Home Tim Kaine on Middle East tensions: ‘I don’t think the U.S. needs to be in another war’
Politics, U.S. & World News

Tim Kaine on Middle East tensions: ‘I don’t think the U.S. needs to be in another war’

Chris Graham
tim kaine
(© George Sheldon – Shutterstock)

Attacks by Houthi rebels on commercial ships in the Red Sea, and a drone attack perpetrated by an Iranian-backed militia group that killed three U.S. servicemembers in Jordan, have added to the already significant tensions in the Middle East, which has been on edge since the Oct. 7 Hamas attack on Israel, and the ongoing massive retaliation military response by Israeli forces.

The response to the Houthi attacks from the Biden administration has come in the form of targeted military strikes on the group’s positions in Yemen, but even President Biden himself is conceding that the strikes have done little to nothing to deter the rebel group.

The administration is still debating what to do about the drone attacks, with the guiding principle being, doing nothing is not an option.

It’s an obviously sensitive situation, made more so because of the possibility that anything more forceful in terms of the responses here could trigger a wider regional war.

“I don’t think the U.S. needs to be in another war, at least right now. I think it would be folly,” said U.S. Sen. Tim Kaine, D-Va., a member of the Senate Armed Services Committee, in a teleconference call with reporters on Tuesday.

Complicating matters, as if this could possibly get more complicated, is that the Houthis, like the militia involved in the Jordan drone attack, have well-known money, military and cultural ties to Iran.

We’ve spent the past 45 years doing everything we can to avoid getting dragged into a war with Iran, which would inevitably engage the entire Middle East, and then likely drag in Russia, to the east, and Europe, to the west, into what could obviously end up being a worldwide conflict.

Politics being what it is, you have some domestic warrior hotheads here in the States saying, what’s the big deal, take on Iran already; but those people aren’t serious – that, or they’re seriously mentally deficient.

And yet, the answer isn’t doing nothing, either. The Houthi rebels and Iranian-backed militia groups behind the recent attacks on U.S. and Western interests are clearly trying to be provocative, knowing that they can push the envelope, with the world’s attention on Israel and Gaza, and the desire of all, or most, anyway, involved being on making sure that conflict doesn’t expand.

Kaine, in regard to the attack on the base in Jordan, said the “most natural retaliation is against those who launched the drone,” the problem there being, we’re still trying to figure all of that out right now.

“Usually, we have very good intel about where that drone would come from, who is responsible. By all accounts, it’s an Iranian-backed militia in Syria, that is supported and trained and often armed by Iran, but Iran doesn’t necessarily control all their actions, but certainly they are supporting and training those who do this. And so, that would be the natural retaliation,” Kaine said.

Easier said than done, it sounds like, on that.

As far as following the foolish advice of the chicken hawks, Kaine doubled down on the side of hard no.

“I do believe it would be very foolish for the United States to be in another war in the Middle East right now, number one,” said Kaine, who wants the hawks to present their case in Congress, if they want to stand behind what they have to say on what we should do.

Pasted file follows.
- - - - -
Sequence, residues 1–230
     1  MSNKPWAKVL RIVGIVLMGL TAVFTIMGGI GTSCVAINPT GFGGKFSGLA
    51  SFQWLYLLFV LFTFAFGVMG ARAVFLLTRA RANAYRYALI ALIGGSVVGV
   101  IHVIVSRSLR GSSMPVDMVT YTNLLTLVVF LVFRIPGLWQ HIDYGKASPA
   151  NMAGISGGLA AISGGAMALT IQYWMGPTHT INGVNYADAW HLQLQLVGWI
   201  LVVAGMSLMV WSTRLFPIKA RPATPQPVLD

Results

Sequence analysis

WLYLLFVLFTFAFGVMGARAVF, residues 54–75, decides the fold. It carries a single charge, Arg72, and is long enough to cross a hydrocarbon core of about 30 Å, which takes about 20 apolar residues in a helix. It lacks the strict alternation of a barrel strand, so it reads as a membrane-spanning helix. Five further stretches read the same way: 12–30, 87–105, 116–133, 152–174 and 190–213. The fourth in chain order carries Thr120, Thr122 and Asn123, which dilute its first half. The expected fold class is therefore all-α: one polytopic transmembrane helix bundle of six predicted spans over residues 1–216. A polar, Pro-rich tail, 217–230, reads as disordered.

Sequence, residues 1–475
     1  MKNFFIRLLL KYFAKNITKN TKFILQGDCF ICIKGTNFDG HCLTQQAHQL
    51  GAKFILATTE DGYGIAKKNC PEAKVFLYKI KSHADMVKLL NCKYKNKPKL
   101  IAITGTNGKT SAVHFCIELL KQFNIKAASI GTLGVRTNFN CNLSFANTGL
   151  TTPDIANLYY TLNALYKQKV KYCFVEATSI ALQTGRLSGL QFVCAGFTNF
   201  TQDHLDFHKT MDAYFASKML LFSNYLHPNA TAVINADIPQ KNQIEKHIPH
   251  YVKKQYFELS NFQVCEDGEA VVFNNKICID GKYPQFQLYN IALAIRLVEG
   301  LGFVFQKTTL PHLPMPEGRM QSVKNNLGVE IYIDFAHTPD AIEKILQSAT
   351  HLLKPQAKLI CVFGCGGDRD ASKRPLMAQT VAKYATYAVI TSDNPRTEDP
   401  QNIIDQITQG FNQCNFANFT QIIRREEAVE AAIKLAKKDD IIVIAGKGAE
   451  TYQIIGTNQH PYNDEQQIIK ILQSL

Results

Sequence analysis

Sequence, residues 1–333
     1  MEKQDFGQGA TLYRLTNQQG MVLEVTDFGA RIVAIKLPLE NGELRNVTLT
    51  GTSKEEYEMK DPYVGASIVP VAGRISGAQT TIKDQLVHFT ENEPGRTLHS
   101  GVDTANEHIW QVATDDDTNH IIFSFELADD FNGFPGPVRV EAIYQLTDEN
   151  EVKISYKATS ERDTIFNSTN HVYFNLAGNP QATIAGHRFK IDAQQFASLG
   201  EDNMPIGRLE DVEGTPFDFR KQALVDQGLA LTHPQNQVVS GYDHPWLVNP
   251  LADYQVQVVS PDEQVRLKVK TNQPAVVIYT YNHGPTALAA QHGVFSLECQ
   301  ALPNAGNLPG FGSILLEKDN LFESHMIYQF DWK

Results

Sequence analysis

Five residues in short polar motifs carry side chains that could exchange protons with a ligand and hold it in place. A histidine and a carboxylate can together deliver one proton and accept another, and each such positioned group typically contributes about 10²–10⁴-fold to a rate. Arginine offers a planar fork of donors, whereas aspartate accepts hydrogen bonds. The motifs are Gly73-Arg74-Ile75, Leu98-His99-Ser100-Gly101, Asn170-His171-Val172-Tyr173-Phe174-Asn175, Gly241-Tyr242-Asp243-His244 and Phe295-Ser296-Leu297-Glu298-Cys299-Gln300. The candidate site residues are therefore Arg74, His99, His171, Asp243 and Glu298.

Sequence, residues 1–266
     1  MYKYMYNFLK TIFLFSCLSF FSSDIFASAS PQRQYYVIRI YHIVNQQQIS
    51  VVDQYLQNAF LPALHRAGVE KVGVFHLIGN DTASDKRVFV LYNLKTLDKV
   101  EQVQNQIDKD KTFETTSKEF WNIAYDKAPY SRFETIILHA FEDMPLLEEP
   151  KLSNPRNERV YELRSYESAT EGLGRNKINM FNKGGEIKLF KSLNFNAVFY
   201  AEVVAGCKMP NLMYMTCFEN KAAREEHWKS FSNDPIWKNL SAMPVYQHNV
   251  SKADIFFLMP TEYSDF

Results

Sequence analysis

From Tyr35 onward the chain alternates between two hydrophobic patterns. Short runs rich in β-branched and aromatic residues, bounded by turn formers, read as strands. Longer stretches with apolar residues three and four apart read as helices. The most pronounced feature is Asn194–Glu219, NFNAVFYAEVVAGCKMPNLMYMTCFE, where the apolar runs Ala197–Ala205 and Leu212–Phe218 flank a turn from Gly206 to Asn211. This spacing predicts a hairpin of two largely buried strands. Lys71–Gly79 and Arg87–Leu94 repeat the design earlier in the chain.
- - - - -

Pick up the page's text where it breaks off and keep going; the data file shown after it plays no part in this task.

“If there are those who think another war in the Middle East is a good idea, let them bring that bill, let’s have a debate and vote about it, whether that be the White House or colleagues of mine. I have colleagues that are encouraging the President to do military strikes inside Iran,” Kaine said. “If you think that’s what should be done, go ahead and introduce that bill saying we should go to war with Iran, and let’s have a debate about it. But we shouldn’t be just kind of sliding our way into this without full congressional debate and through the American public, so the American public can also see what’s at stake.”

If it was Kaine who was president, and there is an alternate universe in which this is the case – remember, he was a finalist to be Barack Obama’s VP in 2008, and then was Hillary Clinton’s running mate in 2016, so, he’s been thatclose twice – what would he do?

“I would say the smartest thing we could do right now is to put hostage release (in Gaza) at kind of the center of this discussion, and work to see if we could close a hostage release deal that would lead them to pause and humanitarian relief and de-escalation,” said Kaine, before shifting gears back to the drone attack. “I do expect the President is analyzing the steps to take to make sure that there’s accountability for the death of these Americans, and I expect that we’ll know soon what those are. But the real issue is, what can you do to de-escalate the situation now, that would be in the benefit of everyone in the region. And I think that focusing on a hostage deal is probably the smartest thing that could be done to achieve that goal.”

Chris Graham

Chris Graham

Chris Graham is the founder and editor of Augusta Free Press. A 1994 alum of the University of Virginia, Chris is the author and co-author of seven books, including Poverty of Imagination, a memoir published in 2019, and Team of Destiny: Inside Virginia Basketball’s Run to the 2019 National Championship, and The Worst Wrestling Pay-Per-View Ever, published in 2018. For his commentaries on news, sports and politics, go to his YouTube page, or subscribe to his Street Knowledge podcast. Email Chris at [email protected].